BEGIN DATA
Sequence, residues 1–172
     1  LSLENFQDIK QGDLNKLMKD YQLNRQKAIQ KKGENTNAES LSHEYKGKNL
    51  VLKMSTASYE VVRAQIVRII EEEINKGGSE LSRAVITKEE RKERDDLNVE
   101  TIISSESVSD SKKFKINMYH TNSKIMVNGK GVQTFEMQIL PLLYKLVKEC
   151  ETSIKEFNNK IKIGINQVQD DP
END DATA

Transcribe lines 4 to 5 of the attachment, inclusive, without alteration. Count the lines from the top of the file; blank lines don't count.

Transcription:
   101  TIISSESVSD SKKFKINMYH TNSKIMVNGK GVQTFEMQIL PLLYKLVKEC
   151  ETSIKEFNNK IKIGINQVQD DP